Less Wear and Tear

The more you drive your car, the more wear and tear you generate. Just like that periodic oil change you get every few months, your tires occasionally need to be balanced and rotated and replaced every now and again. Think of your winter tires the same way you do with your winter coat. You’ll only need it once during the year. Swapping the regular tires that you use the rest of the year with your winter tires means less wear on what you use during the warmer months of the year.

Avoid the Worry of Hydroplaning

During the tail end of winter, the snow begins to melt. This means a few things. First, those snowmen sitting on your front yard will soon be reduced to paste, and the tightly packed snow that’s on the roads will turn to the same consistency as a slushy. While this signals that a seasonal change is in the works, it also means that roads are getting wetter, and puddles will start forming. When your car passes over a large body of water, the risk of hydroplaning is there. This is where your tires completely lose traction with the road, and your car skids across the water. Because winter tires have deeper tread, the risks of hydroplaning during the early stages of a spring thaw are reduced.

A mechanic at a winter tire dealer is shown changing tires.

Where Can I Get Winter Tires? When Should I Put Them On?

Like many other goods and services that are related to any season, winter tires might not be available all year long. While some tire shops carry all types of tires for the duration of the entire year, some might not have winter tires in stock until the season begins to change. It’s good to get them as soon as the temperature starts to drop; waiting too long might result in supplies running out. There is no perfect time to put winter tires on your vehicle. It’s best to use personal discretion, but experts agree that they’re best installed in mid-November and replaced with your normal tires sometime in March or April.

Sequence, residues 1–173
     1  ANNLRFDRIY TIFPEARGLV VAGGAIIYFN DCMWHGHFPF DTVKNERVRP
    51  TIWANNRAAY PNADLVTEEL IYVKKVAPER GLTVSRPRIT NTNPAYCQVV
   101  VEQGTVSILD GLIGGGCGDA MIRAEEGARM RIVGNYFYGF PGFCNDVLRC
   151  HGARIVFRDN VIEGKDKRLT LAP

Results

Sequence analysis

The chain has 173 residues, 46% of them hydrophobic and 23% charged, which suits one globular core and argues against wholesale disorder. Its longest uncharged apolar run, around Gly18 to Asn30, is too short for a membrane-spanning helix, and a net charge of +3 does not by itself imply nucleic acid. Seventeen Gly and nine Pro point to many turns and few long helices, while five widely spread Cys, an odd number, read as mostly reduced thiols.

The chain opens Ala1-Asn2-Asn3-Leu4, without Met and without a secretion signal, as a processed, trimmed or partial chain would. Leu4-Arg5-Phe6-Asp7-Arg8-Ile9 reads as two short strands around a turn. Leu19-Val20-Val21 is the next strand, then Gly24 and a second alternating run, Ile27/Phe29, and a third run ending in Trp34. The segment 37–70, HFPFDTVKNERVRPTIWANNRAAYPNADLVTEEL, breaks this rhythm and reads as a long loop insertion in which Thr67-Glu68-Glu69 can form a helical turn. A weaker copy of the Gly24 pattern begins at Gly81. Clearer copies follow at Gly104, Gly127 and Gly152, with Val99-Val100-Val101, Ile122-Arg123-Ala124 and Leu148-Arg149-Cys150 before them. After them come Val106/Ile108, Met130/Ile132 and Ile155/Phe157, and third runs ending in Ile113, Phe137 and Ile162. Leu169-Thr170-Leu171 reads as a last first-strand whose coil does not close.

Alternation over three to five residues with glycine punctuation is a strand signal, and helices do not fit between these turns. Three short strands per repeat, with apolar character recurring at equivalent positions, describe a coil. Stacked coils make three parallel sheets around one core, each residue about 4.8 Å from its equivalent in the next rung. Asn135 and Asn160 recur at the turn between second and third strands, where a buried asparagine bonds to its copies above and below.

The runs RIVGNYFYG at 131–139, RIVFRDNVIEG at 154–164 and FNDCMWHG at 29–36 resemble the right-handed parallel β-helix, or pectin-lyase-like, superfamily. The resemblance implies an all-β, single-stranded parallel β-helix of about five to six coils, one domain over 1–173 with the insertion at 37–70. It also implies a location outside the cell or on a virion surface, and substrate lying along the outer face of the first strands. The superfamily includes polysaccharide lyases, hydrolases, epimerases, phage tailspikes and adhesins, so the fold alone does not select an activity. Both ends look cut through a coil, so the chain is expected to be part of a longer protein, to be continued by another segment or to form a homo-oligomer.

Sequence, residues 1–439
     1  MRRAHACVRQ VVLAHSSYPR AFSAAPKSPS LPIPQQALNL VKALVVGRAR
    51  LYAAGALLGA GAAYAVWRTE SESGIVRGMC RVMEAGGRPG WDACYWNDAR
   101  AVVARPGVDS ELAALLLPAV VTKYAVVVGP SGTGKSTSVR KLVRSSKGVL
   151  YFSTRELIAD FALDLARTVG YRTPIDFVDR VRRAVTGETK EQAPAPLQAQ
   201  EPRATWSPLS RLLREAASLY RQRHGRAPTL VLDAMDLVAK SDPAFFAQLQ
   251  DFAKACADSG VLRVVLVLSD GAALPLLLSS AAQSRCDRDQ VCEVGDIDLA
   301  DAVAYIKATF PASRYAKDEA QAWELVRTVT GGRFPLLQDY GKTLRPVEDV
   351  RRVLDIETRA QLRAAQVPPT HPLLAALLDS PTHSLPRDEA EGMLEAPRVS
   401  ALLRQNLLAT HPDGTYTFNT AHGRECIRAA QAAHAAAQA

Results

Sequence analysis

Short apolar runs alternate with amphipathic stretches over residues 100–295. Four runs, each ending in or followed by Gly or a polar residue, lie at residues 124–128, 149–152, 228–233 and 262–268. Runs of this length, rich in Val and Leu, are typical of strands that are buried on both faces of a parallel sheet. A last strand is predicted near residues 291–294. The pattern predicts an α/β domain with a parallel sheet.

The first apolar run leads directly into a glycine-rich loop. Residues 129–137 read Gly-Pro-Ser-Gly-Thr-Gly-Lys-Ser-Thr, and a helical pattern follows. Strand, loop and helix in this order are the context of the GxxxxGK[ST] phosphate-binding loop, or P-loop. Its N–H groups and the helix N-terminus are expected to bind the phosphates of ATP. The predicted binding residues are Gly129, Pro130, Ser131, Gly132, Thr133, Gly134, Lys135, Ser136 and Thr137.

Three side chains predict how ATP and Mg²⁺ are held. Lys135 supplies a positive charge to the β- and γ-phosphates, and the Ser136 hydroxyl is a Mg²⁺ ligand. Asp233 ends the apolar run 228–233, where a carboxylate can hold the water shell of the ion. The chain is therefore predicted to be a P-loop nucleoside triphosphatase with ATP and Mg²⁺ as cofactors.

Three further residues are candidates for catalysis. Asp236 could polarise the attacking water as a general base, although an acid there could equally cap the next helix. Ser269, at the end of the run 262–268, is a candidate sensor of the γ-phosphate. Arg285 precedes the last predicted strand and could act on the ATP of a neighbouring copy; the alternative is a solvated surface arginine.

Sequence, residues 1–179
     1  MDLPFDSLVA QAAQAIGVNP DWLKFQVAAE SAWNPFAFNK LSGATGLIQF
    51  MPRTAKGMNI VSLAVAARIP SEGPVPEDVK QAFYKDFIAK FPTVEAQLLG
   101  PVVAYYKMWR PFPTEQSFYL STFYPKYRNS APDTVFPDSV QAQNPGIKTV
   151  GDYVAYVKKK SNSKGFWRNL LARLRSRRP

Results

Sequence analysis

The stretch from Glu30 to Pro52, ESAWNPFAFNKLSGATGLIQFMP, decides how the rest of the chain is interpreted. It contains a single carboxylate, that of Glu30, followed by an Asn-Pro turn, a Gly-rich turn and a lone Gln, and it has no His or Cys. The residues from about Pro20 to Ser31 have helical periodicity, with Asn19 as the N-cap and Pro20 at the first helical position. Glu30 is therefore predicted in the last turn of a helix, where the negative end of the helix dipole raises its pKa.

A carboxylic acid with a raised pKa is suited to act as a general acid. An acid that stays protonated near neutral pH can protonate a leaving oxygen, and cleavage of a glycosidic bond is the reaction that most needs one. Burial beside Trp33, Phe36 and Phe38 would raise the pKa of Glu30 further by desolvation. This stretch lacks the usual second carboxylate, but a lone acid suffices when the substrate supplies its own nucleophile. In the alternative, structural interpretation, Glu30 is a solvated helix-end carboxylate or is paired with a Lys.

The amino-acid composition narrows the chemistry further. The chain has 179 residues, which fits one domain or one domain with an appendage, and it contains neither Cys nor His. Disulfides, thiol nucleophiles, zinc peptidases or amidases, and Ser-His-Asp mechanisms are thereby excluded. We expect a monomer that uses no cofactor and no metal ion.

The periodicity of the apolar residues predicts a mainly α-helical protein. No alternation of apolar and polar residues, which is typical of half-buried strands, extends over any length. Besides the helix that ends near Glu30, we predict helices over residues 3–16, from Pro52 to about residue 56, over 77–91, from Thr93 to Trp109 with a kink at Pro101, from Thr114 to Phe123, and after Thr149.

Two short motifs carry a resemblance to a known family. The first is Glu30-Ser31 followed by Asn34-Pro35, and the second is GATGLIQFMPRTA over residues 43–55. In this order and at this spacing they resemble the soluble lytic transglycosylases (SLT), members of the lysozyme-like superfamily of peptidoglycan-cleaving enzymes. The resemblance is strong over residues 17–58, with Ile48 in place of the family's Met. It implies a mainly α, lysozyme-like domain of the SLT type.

Are There Any Disadvantages That Come with Winter Tires?

Just like the battery in your car, there’s a negative side to correspond with the positive when it comes to winter tires. Thankfully, there’s not a lot of negativity. And once you own a pair, you’ll easily see that the advantages far outweigh the disadvantages.

There is a Season, Turn! Turn!

Just as their name might suggest, winter tires are ideal for winter and not recommended for the rest of the year. Leaving them on your car all year long can be bad for them and even the streets you drive on if you use studded tires. While winter tires will help you handle your vehicle in the snow, they have less grip and don’t handle as well as all-season tires when the weather is warm and dry.

Cost Effectiveness

The best things in life are free, but winter tires aren’t. While snow tires are competitively priced with any other brand or type of tire on the market, you can still expect to pay $600 or more for a decent set. When it comes to putting them on your car, it’s best if you have this procedure done by a professional. A faulty tire can be very dangerous, especially during extreme weather conditions.

Taking Up Space

Just like any other big purchase you make, you’ll need to find space to store your winter tires. They tend to take up a considerable amount of room, and moving them around might be difficult. They should also be stored in a cool environment protected from weather, which can be difficult if you don’t have a garage.